We had hired some new people, and we needed to assimilate together. At the cabin for a week, we could learn to work together.
We were in a remote location with internet access, each other, and the food we carried in. We would do real work (mostly proposals) and in doing the work learn where our frictions and strengths are. Ideally, it would lead to self-coaching and we could leave a fully formed team.
But What Will We Eat?
Food planning was where we ran into planning stress.
To begin with, we didn't want to spend days of effort on planning the food. Our time is expensive, and planning what we'd eat is not something we could afford days of effort on.
On the other hand, we needed good up-front planning, because we couldn't really change our minds once we were there.
Different people would want different things (some vegetarian, some vegan, some restricted, other people omnivores and near-carnivores). Some liked to snack on fruit, others on olives, others cheese and crackers. Maybe we'd want tea, maybe soda, maybe beer, maybe fruit juice.
Having too little food or too little variety might cause clashes between people; some would have exactly what they want while others went without anything that they liked (or could eat). We didn't want to use this time to increase the dissidence between people. We had to be "fair."
Likewise, some were very concerned about sourcing responsibly v. saving money. Did it matter if the eggs were cruelty-free and free-range? Did the meat need to be grass-fed and hormone-free? Did coffee and chocolate need to be fair-trade? Did the politics of the store matter?
The need to cover all contingencies, and we had to have a final answer up front.
That's planning stress. It's not a big deal, you would think, but as amateur event coordinators without professional help, the team put everything into the plan that anyone might need (or want) .
We ended up purchasing over US$500.00 in food.
The food was great. We had roasted vegetables, soups, middle-eastern fare, awesome pancakes, snacks, drinks, roasted meats, gourmet olives, cheeses straight from the Netherlands. By Thursday, we were simply sick of eating great food. We had prepared a whole turkey, and only sampled bits of it (out of curiosity and politeness, mostly) because we were so tired of great food.
The food we had left over would have fed a small village for a week.
We clearly overspent and overstocked, and as a result we had a pretty high level of waste.
By the way, it was a smashing success as far as creating closeness among the team members and producing good proposals. Something about cooking together and working together all day taught us to respect and value each other. I can recommend the retreat idea, but highly recommend using professionals for food planning, or at least establishing a reasonable budget for the team to work within.
How Does This Relate To Software?
This same behavior is observable in projects.
If you have to give up-front requirements and make promises on an 18-month project then you have to ask for everything you might want in the next 18 months. It's hard to know everything that you might need, so you put it all in. After all, you want to be thorough.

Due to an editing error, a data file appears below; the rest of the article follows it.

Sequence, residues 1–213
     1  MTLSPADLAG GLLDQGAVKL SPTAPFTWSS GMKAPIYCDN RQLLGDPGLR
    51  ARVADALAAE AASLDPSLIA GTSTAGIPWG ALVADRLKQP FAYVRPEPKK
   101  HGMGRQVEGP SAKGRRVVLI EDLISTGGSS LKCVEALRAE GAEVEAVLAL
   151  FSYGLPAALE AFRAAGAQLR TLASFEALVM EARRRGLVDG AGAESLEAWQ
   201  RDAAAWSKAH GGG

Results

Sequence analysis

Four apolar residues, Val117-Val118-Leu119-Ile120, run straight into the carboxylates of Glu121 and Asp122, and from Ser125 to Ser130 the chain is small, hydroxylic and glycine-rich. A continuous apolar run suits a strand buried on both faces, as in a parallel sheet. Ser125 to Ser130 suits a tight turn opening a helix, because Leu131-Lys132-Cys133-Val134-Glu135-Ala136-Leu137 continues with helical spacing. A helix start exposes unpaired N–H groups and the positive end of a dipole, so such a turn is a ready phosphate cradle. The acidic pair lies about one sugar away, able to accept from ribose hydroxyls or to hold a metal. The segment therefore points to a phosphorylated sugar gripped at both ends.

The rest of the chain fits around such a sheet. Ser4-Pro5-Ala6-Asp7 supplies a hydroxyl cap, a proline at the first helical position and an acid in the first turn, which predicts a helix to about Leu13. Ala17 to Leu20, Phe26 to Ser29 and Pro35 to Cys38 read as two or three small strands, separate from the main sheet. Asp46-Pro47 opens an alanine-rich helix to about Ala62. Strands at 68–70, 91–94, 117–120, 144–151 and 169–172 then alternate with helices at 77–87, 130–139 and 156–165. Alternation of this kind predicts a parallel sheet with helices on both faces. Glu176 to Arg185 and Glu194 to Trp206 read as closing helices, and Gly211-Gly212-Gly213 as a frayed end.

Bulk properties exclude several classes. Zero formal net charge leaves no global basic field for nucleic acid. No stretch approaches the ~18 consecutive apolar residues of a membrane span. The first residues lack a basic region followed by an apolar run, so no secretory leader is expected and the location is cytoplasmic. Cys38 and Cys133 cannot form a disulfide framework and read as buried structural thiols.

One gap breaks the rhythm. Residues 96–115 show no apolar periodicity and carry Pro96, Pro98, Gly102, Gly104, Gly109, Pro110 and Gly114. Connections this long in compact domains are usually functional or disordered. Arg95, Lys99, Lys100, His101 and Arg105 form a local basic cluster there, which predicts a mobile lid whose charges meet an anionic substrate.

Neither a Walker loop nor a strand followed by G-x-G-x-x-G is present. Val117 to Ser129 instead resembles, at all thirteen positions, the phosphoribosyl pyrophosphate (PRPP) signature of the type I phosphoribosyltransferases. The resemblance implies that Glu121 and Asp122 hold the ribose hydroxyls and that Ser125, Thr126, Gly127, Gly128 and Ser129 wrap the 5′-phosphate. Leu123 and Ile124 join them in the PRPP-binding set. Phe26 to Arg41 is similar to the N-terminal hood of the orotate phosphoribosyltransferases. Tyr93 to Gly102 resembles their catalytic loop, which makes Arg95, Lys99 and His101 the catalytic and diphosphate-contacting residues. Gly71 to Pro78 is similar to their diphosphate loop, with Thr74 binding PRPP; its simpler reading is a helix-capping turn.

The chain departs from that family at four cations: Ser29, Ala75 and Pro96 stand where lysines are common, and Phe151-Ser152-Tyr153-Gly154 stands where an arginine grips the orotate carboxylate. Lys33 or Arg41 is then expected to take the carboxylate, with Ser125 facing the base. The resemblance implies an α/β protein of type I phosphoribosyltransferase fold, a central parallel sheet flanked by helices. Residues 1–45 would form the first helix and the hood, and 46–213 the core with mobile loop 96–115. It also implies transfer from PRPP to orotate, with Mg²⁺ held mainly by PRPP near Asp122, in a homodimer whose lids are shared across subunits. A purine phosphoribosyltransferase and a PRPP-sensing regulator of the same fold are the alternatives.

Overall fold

Some features won't fit into the plan and will have to be dropped, so you'd better have something else waiting in the wings that has been carefully thought-out.
Of course, the client doesn't have clairvoyance either, so they don't know exactly what they'll need a year and a half from now.
We are told that over half of all software features produced by developers are never or seldom used. Sadly, we don't know (in advance) which features those are.
If you pick the wrong features or not enough of the right ones, then the product will not be accepted by the market or the customer. You won't know until acceptance if the customer really wants it (by which time your innovative new features may be commonplace). You could do a great job churning out features for 17 months only to fail utterly in the 18th.
You can't change your mind once the project starts (at least not cheaply), and you can't know if you're right until after it finishes.
We might plan two years' worth of work into an 18 month project. Sometimes more than that.
Planning stress causes overload.
Just as we could have been happy with less than half as much food, most projects could be just as successful with fewer features, or with implementing less of each feature.
I consider "planning stress" to be made up of (primarily):
- The period for which you must forecast needs
- The time before you can find out if you're right or wrong
- The need to be comprehensive
- The costs of being wrong
Reducing scope or period would reduce stress, as would more frequent feedback. Smaller batches (as are common in Agile methods) try to address this.
What if it were only a week? What if we could release new software to some of our customers for comment every week? It's unlikely that we'd load more than 6 or 7 days worth of work into a 5-day week, and we'd be willing to make trade-offs and scope reduction this week, since we can vet our ideas at the end of the week.
What if it were a day? A matter of hours?
John Tangney once told me "Continuous deployment takes all the stress out of building software." I think he's probably right. Knowing that you can change your focus or change your mind about a feature at any time is very freeing.